{¶ 22} “A municipal employer [or the] supervisor of a person who deprived a person of [his] federal constitutional rights is not vicariously liable for the employee's actions unless the employer implicitly authorized, approved or knowingly acquiesced in the unconstitutional conduct of its employee.”  Ratcliff at ¶ 29, citing Brkic v. Cleveland (1997), 124 Ohio App.3d 271, 279, 706 N.E.2d 10;  Guess v. Wilkinson (1997), 123 Ohio App.3d 430, 435, 704 N.E.2d 328;  Villante v. New York Dept. of Corrections (C.A.2 1986), 786 F.2d 516, 519;  Krulik v. New York Bd. of Edn. (C.A.2, 1986), 781 F.2d 15, 23.   In other words, a local government cannot be held liable under Section 1983 pursuant to the theory of respondeat superior.   See id.;   see, also, Shockey v. Fouty (1995), 106 Ohio App.3d 420, 426, 666 N.E.2d 304, citing Polk Cty. v. Dodson (1981), 454 U.S. 312, 325, 102 S.Ct. 445, 70 L.Ed.2d 509;  Wells v. Akron (1987), 42 Ohio App.3d 148, 537 N.E.2d 229;  Foster v. Walsh (C.A.6 1988), 864 F.2d 416;  O'Banion v. Bowman (S.D.Ohio 1993), 824 F.Supp. 743.   However, liability under Section 1983 will attach to employers who are deliberately indifferent to the offending acts perpetrated by their employees.   See Ratcliff at ¶ 29, citing Riley v. Olk-Long (C.A.8, 2002), 282 F.3d 592, 596;  Andrews v. Fowler (C.A.8, 1996), 98 F.3d 1069, 1078.

 {¶ 23} In the case sub judice, appellees presented the trial court with appellant's own deposition testimony to establish (1) that Mudd was not acting under the color of law when he made sexual advances towards her;  and (2) that appellees were not aware of Mudd's behavior, did not condone the behavior, and the behavior was not in furtherance of some county policy or custom.   Specifically, appellant testified that Mudd did not threaten her in any way during the incident, did not exercise any authority, or claim that he had any authority to do what he did.   She also testified that she had no reason to believe that the county  should have known that Mudd would do what he did to her.   She further testified that at the time of the incident, Mudd was off duty and was acting as a father, taking his daughter and her friends home from the movies.   In response to appellees' motion for summary judgment, appellant presented no evidence that disputed appellees' assertions that Mudd was not acting under the color of law or in furtherance of a county policy, or that the county and its officers acquiesced or encouraged Mudd's actions.   All appellant relies on in support of her position is that the incident took place in a county-owned vehicle and Mudd was wearing his deputy uniform.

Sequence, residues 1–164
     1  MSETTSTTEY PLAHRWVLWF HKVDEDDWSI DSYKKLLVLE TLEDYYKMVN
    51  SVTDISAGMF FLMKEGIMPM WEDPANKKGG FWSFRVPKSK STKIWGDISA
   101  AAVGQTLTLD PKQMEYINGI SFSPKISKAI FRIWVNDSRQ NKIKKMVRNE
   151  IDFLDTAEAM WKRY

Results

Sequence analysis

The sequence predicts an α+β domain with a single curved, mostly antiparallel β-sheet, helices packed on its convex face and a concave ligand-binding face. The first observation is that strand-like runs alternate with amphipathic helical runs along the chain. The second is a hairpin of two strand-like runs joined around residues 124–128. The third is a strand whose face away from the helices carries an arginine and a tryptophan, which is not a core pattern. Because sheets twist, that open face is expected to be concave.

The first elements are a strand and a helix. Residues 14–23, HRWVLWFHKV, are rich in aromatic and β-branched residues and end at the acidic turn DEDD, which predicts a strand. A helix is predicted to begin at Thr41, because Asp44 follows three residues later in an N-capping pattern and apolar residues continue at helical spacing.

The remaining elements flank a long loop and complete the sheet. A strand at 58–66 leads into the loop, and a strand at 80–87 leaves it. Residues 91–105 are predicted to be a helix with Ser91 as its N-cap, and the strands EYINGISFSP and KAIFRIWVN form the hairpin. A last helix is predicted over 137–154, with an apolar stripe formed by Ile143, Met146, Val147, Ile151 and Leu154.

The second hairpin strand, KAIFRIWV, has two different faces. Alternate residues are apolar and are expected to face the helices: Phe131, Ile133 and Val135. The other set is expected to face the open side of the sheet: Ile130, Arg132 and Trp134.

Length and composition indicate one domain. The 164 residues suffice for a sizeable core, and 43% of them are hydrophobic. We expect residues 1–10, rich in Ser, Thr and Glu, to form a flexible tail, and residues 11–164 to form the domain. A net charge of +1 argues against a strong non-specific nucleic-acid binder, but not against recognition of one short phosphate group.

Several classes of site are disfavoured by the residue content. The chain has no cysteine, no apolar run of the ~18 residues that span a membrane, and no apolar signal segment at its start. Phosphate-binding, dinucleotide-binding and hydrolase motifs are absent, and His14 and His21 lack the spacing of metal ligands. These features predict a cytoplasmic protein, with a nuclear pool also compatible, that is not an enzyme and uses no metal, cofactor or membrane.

{¶ 24} Therefore, no genuine issue of material fact exists regarding appellant's federal claims.


{¶ 25} Since appellees are immune from all liability for appellant's state law claims and the theory of respondeat superior does not render appellees liable for appellant's federal claims, the trial court did not err in granting appellees summary judgment.   Accordingly, we overrule appellant's assignment of error and affirm the judgment of the trial court.

Judgment affirmed.

EVANS, Presiding Judge.

HARSHA and PETER B. ABELE, JJ., concur in judgment only.

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RAMEY v. MUDD (2003)

Docket No: No. 02CA14.

Decided: September 26, 2003

Court: Court of Appeals of Ohio,Fourth District, Gallia County.